Growing up isn’t all it’s cracked up to be. To adapt to the current situation usually means ignoring that this situation is changing. And ‘growing up’ usually means giving up some of our preferences and inclinations. So maybe we shouldn’t just “grow up”.
In the last couple of years (roughly since being 50) I’ve realised that I’m never going to grow up. You see, my parents were convinced that once I got out of high school I would ‘grow up’. When I got out of university they were sure I would discover what the ‘real world’ was like. Then they were keen for me to get a ‘real job’ so that I would ‘settle down’.
I have actually had a couple of ‘real jobs’ — for a little while, enough to know that I have been there and done it as much as I want to (actually quite a bit more than I wanted to) — but mostly I have lived on the margins of the usual job market. At the moment I’m experimenting with seeing if I can become wealthy doing what I love (which is also regarded as a marginal lifestyle).
What Does “Growing Up” Mean?
We can take ‘growing up’ in an entirely positive sense. Something along the lines of knowing our strengths, weaknesses, and preferences; seeing our situation clearly; and modifying and matching these things.
This wasn’t what my parents meant. They meant something like following a conventional and common path through life.
But I was, and am, a pretty resolute individualist. (For those who know the Myers-Briggs Type Indicator I am an INTJ. In the original book on the Indicator, Gifts Differing [Amazon-US | Amazon-UK], the first line of the description of the INTJ is ‘the ultimate individualists’. They certainly got that right!) From my point of view I felt I was already accommodating the usual way of doing things too much, rather than not enough.
Growing up, in my parents’ sense, is the cutting down of our expectations to suit the current situation. There are many common old saws along this line, such as ‘cut your cloth to fit your yarn’ — which seems unarguable, so I’ll argue with it in a minute.
The other side of the story is that it is the strange people who create new ways of doing things. My favourite quote along this line is from George Bernard Shaw (Man and Superman, 1903):
The reasonable man adapts himself to the world; the unreasonable one persists in trying to adapt the world to himself. Therefore all progress depends on the unreasonable man.
I think George was rather overstating the case. Sometimes unreasonable people are so unreasonable in their demands that they alienate people and have no success in adapting the world to themselves. And it doesn’t mention the problem of unreasonable people being unreasonable to other unreasonable people — and so cancelling out each other’s unreasonableness.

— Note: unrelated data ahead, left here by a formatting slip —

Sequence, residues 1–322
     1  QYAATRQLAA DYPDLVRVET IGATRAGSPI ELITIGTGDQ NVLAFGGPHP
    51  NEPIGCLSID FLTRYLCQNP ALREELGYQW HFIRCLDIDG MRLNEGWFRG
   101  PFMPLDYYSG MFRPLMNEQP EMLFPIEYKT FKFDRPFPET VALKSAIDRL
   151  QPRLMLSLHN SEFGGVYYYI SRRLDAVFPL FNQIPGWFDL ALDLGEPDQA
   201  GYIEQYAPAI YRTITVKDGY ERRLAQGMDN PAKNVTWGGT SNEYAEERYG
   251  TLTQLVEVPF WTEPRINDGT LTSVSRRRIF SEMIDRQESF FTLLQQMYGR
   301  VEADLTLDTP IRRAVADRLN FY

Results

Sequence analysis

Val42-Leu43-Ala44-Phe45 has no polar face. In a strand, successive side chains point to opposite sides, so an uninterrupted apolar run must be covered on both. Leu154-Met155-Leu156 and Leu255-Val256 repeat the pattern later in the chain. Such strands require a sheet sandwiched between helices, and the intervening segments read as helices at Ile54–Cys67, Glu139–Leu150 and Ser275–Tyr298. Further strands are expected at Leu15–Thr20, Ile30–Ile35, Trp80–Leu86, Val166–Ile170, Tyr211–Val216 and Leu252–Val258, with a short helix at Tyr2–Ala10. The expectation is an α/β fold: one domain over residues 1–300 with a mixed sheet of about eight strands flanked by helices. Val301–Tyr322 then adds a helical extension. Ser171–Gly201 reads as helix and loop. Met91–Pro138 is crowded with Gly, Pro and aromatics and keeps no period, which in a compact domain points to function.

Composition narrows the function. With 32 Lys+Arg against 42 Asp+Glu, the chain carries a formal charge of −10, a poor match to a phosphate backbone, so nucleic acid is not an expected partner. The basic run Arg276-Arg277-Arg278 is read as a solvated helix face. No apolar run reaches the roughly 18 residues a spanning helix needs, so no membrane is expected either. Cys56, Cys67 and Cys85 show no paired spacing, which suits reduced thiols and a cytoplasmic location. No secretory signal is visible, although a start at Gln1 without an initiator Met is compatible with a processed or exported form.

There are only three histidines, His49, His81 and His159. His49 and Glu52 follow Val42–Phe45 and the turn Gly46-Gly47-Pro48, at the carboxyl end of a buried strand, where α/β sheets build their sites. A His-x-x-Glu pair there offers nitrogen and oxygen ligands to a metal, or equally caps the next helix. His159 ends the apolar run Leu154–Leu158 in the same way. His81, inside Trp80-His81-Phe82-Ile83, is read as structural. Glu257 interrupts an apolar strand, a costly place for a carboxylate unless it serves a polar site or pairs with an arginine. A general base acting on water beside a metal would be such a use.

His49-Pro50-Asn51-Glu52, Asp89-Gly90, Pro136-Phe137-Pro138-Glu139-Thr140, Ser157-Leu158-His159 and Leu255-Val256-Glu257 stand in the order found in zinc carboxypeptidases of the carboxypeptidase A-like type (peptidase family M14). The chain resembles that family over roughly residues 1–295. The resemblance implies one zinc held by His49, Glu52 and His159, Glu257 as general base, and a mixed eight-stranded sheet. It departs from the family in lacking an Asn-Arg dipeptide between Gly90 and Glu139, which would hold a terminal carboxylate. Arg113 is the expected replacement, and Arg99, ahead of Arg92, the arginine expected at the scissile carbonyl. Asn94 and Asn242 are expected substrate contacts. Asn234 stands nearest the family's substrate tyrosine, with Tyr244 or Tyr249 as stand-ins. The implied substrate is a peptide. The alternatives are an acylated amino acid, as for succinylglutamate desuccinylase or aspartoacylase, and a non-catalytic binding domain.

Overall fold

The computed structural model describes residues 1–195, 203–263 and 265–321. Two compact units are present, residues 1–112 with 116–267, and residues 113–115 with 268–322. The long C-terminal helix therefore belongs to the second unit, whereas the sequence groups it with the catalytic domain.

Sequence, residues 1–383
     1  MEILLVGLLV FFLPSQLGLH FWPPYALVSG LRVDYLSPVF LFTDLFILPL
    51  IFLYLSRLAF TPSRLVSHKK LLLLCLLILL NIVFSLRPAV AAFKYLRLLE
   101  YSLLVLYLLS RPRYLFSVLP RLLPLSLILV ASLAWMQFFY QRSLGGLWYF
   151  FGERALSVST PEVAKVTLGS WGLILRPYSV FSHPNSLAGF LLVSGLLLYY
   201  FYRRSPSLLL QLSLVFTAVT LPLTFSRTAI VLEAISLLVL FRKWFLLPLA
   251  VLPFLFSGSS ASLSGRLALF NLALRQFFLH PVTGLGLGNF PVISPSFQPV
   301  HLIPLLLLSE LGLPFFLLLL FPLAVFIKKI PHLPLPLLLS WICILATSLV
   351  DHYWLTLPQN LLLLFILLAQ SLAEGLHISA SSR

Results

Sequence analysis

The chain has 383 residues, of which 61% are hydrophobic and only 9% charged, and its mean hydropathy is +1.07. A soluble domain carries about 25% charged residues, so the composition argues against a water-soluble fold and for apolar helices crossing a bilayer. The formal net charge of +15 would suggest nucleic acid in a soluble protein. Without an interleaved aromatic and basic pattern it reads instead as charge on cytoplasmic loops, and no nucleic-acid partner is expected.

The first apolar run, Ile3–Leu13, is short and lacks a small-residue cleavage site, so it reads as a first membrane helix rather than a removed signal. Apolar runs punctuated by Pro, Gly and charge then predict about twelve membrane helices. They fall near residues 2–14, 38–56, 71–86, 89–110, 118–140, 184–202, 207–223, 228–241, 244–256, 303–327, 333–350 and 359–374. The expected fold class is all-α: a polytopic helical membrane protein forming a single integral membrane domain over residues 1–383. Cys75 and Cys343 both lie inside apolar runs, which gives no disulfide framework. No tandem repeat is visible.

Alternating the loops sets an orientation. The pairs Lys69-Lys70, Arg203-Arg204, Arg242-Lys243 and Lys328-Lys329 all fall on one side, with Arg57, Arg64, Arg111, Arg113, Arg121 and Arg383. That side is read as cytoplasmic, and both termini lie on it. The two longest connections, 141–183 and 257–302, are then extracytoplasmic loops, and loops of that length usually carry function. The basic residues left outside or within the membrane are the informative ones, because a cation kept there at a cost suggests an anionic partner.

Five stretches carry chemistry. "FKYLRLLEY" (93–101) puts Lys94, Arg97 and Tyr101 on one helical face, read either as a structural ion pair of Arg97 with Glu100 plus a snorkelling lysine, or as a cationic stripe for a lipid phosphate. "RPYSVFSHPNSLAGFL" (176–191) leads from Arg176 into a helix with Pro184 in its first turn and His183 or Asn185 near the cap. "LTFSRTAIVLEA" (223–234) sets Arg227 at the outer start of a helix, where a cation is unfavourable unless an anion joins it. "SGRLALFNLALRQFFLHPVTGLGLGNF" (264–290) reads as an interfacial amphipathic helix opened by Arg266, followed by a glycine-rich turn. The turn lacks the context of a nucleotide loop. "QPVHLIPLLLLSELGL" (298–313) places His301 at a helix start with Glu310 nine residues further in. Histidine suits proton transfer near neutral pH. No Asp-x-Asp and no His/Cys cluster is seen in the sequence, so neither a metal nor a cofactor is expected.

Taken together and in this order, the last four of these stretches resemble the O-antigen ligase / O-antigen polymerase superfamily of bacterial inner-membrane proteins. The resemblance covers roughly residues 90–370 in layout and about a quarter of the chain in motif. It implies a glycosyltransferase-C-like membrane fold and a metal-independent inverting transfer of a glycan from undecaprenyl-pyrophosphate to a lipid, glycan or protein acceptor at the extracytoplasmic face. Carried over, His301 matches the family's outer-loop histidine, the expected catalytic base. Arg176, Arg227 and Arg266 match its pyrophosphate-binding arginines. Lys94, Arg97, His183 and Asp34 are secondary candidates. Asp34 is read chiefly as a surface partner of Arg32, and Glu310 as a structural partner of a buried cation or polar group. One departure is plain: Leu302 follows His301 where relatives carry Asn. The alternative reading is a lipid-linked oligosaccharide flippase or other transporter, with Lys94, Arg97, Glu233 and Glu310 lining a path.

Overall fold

But I do think this idea has an important kernel of truth. Our world is modifiable to some extent — and we don’t know the extent in advance. We will only find out by making the attempt. GBS invites us to a life of experimentation, with which I am wholly in sympathy.
And this is my argument with those old saws about cutting cloth. What is possible isn’t quite as obvious as the size of a piece of material. Innovation is rare, but its results are unpredictable. The consequences of the personal computer are still being played out, and the major implications of the internet I suspect are still to come. And these innovations are decades old now.
When we look back at predictions of the future, most turn out to be wrong. It is likely that our predictions will be the same. It seems unlikely that all the changes in our future will be progress, and it also seems unlikely that they will all be due to the actions of the unreasonable (those who refused to “grow up”).
The advice to ‘grow up’, to adapt to the prevailing situation, ignores that the current arrangement of things is usually in flux to some extent. (Some things more and some things less — the dominance of economists and the appalling inequity in the international balance of trade doesn’t seem to be about to change, for instance.)
Not Growing Up
I don’t see myself growing up. This is, and has been, a challenge to creativity — divergent lifestyles receive less support. For me, this hasn’t been hard to do: the current way of doing things doesn’t attract me. And I haven’t any children — which brings with it an extraordinary number of pressures — which also makes it far easier.
I’d like to hear from you. What does ‘growing up’ mean for you? Do you see it as a positive, a negative, or maybe a bit of both? Do you feel that you have made compromises to fit in? If so, do you think this has improved or diminished your life? I look forward to hearing from you in the comments.
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